If you have floaters, you may not notice them all of the time. When your eyes are still or you are gazing into space, you may see them drift slowly across your field of vision.
Floaters are usually grey and semi-transparent. They may appear to move quickly when you move your eyes to look in different directions.
However, floaters do not tend to follow eye movement precisely, and will often seem to dart away as you try to look directly at them.
Floaters are often most noticeable when you are looking at a light-coloured background, such as a white wall or clear sky.
Different forms of floaters
Floaters can occur in a variety of different forms. They may appear as:
- other shapes
You may have many small floaters in your field of vision or just one or two larger ones. Most floaters are small and quickly move out of your field of vision.
Larger floaters can be distracting and may make activities involving high levels of concentration, such as reading or driving, difficult.
When to visit your optician
Floaters are usually harmless and do not significantly affect your vision. However, it's important you have your eyes checked by an optician regularly (at least once every two years).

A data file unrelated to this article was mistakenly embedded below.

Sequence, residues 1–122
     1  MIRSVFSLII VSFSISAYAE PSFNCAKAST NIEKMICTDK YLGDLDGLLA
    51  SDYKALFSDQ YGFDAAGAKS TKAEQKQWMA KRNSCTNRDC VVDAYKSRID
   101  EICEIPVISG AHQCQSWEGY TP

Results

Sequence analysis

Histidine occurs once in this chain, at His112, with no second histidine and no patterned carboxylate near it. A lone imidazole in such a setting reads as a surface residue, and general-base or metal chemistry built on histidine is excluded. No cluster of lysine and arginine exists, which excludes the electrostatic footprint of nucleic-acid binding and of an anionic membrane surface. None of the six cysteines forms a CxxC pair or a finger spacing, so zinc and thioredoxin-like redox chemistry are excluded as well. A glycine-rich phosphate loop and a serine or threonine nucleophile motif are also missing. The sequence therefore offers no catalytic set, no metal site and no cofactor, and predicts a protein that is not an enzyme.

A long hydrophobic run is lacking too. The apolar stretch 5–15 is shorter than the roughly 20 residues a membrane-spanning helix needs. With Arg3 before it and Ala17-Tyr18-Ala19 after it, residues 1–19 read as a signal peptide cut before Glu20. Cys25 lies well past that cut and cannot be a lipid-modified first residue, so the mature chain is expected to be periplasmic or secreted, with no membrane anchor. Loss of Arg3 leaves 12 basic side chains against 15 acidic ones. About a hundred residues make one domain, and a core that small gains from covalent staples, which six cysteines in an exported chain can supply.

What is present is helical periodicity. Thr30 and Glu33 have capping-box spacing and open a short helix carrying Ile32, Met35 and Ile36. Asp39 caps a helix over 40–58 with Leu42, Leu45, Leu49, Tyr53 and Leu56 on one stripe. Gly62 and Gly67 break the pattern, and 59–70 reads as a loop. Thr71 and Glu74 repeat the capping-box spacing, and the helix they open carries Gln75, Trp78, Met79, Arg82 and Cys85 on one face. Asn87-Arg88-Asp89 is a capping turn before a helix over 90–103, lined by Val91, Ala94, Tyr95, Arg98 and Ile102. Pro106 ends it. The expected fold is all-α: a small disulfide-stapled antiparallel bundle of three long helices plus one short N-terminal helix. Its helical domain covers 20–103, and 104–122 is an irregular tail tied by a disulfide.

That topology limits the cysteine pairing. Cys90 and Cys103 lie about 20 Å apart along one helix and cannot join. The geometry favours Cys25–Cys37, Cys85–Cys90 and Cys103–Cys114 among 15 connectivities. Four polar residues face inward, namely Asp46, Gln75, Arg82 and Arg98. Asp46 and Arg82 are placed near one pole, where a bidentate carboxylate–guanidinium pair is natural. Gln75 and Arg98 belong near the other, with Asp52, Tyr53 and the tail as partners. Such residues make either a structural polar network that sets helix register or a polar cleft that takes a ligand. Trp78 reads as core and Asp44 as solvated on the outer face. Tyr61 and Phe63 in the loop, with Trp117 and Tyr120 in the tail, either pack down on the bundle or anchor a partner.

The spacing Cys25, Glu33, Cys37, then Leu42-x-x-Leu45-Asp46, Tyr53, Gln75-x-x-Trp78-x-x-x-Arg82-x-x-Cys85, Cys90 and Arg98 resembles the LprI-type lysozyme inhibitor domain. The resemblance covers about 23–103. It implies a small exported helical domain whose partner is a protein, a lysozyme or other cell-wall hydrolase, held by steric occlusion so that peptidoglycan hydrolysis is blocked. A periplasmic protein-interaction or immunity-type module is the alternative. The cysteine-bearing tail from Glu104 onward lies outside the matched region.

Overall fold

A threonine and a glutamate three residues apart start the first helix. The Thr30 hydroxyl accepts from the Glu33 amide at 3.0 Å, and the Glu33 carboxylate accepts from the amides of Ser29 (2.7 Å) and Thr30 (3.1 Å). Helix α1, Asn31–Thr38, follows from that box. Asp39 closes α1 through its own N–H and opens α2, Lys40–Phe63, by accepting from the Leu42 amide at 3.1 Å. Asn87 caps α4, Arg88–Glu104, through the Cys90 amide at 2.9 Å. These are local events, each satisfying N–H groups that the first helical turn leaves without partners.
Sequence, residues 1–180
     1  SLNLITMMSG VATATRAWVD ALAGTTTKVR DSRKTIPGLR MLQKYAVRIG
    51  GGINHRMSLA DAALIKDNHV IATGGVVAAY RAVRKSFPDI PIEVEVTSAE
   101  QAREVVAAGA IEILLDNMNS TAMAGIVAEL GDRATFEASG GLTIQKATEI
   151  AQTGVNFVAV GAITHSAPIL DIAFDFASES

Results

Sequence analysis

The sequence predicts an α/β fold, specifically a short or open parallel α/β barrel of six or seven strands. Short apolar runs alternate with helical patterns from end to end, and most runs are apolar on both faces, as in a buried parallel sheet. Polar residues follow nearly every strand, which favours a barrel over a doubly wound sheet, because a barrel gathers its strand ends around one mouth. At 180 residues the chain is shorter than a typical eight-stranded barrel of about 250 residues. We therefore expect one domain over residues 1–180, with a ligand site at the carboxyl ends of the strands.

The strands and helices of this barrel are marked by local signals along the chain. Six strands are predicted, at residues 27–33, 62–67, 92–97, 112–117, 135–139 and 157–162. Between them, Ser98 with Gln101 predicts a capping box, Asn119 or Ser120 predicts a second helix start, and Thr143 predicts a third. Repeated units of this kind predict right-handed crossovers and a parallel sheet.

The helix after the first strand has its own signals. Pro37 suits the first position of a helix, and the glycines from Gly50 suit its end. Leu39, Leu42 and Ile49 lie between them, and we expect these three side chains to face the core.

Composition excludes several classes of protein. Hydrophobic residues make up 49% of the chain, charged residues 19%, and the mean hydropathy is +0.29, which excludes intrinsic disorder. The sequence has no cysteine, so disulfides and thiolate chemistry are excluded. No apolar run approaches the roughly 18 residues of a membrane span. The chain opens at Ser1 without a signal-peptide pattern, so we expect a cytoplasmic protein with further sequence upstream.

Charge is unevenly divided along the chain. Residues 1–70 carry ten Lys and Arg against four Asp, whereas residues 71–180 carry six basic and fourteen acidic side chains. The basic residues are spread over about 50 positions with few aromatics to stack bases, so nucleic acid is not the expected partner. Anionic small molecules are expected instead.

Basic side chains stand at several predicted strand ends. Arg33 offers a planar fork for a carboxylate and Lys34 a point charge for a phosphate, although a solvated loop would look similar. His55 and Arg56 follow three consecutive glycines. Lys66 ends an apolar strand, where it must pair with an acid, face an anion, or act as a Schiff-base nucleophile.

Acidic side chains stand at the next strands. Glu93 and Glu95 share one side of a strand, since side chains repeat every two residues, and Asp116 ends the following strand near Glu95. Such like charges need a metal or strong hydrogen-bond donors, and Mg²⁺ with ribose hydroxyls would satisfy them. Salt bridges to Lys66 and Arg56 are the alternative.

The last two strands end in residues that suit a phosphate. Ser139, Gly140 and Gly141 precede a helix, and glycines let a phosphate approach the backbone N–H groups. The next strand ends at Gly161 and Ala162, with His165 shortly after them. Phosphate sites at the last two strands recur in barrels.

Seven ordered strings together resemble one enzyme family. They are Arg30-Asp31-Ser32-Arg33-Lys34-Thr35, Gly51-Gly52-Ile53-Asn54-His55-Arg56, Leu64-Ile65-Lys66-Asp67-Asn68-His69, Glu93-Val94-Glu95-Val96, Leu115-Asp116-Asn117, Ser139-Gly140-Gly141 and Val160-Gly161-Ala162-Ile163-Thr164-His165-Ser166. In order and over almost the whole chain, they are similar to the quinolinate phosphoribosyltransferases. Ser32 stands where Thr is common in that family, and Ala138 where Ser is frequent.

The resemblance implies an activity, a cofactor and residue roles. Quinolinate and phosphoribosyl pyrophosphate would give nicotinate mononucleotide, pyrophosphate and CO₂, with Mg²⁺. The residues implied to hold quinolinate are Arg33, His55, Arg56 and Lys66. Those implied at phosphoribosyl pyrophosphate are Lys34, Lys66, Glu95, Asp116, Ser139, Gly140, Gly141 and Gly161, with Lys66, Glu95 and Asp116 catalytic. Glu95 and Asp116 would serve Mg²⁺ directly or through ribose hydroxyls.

Find an optician near you.
You should visit your optician immediately if a new floater suddenly appears, or if there is a rapid increase in the number of floaters you can see. They may refer you to an ophthalmologist (a specialist in diagnosing and treating eye conditions).
Occasionally, floaters can be a symptom of retinal tears or retinal detachment . The ophthalmologist will check for this by examining your retina (the light-sensitive cells at the back of the eye).
If your retina is detached, you will usually experience:
If you think you may have retinal detachment, seek immediate medical attention from either your GP or optician.
Read more about diagnosing floaters.